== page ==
“I think he looks at her as part of the family,” said Jim McLaughlin, a Republican pollster who knows both the president and Kellyanne.
In Washington, changes in allegiance are nothing new, nor is the art of redirecting any criticism that might follow. Trump loyalists have not changed the fundamental rules of the city — the weapon of shame remains most powerful in the hands of the shameless — but they have redefined the boundaries of play. Some people seem uncomfortable with that, but not Kellyanne.
Kellyanne talks, about any and everything: issues with her father (he left when she was 3), feminists (the funny thing, she says, is she’s living the life they claim to want), or her thoughts on the administration’s practice, since reversed, of having federal agents separate migrant families at the border. (She didn’t like it, she says, but that wasn’t the president’s fault.)
It’s never his fault. Kellyanne prides herself as someone willing to “go into any den, and talk about any subject,” and often the subject is her boss, our president — whether he deserves the latest volley of outrage from the left, the center, and occasionally the home office just off her living room. She goes on CNN and takes the fight to the journalists Trump calls the enemy. If the president throws playground punches at the news media, the Justice Department, his fellow Republicans, she’ll find a way to explain that he was the one being bullied. She’ll do it with the ferocity of a mother — or a daughter.
It can be a spectacle. Fans call her courageous; critics call her shameless; TV bookers just call her.
And what about loyalty to her family?
“I feel there’s a part of him that thinks I chose Donald Trump over him,” Kellyanne says, talking about George. “Which is ridiculous. One is my work and one is my marriage.”
Naturally, though, the two things overlap. When George criticizes the president publicly, Kellyanne says, the media coverage and the implication that they are pitted against each other bothers their children. And as for the president himself, Kellyanne won’t say it irks him, but she does think he finds it “impolite.” On that, she’d agree.
Kellyanne is an independent woman, an independent woman stuck between two men who could blow up her day with a tweet.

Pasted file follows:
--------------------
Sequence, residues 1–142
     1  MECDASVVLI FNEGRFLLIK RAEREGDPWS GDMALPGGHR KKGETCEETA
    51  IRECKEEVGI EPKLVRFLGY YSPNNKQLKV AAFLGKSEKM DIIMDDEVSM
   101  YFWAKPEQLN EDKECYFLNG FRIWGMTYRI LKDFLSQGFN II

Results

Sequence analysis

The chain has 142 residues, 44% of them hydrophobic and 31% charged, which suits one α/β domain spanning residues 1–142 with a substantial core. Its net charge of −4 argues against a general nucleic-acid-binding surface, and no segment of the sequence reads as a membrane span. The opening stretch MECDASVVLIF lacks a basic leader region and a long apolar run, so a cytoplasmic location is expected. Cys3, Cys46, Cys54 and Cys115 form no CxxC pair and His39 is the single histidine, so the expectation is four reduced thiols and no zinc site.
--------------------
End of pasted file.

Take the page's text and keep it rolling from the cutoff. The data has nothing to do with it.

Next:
“Nobody knows who I am because of my husband,” she says. “People know of my husband because of me.”
His wife may find his gestures of resistance disrespectful of her, but George disagrees. He can redirect criticism as deftly as she can. “Her problem is with her boss,” he says, “not me.”
“If my wife were the counselor to the CEO of Pepsi and I had a problem with her boss, I would simply drink my Coke and keep my mouth shut,” he says. “If the president were simply mediocre or even bad, I’d have nothing to say. This is much different.”
George is clearly worried about Kellyanne and her reputation, just as Kellyanne said she is worried about George’s. But that doesn’t mean everything has changed. He’s still proud of what she’s been able to accomplish, he says. And when he looks at a picture from election night, he’s still reminded of the sheer elation he felt.
“I’m just saddened by how things turned out,” he says.
One afternoon, George is in the kitchen with his wife by his side. Their four kids (Claudia and George Jr., 13-year-old twins; Charlotte, 10; Vanessa, 8) are running around with their friends before the family takes a trip to the water park. Kellyanne has left her work phone in another room, and so has George. She’s more than her job, she says; he’s more than his tweets.
Tomorrow their house will be set up for “Face the Nation,” after which Kellyanne will be swarmed on the street by fans while George watches the second half of the show — the part where pundits analyze his wife’s interview — alone in the kitchen. But for now, things feel almost like they used to be. This is what George misses at times, his simpler life.
He starts to open up about his tweets. Kellyanne is cutting vegetables 10 feet away with a longtime friend. The women start singing “The Glory of Love,” a central song in the weepy movie “Beaches.”
“It’s an outlet, that keeps it a small part of my life,” George says of his tweeting.
You’ve got to win a little, lose a little, yes, and always have the blues a little.
You’ve got to give a little, take a little, and let your poor heart break a little.
“I think I’m actually holding back a little,” he says. “I think the reason why is obvious.”
Kellyanne is now singing loudly into a cucumber, completely drowning out George, who has stopped talking and just looks on.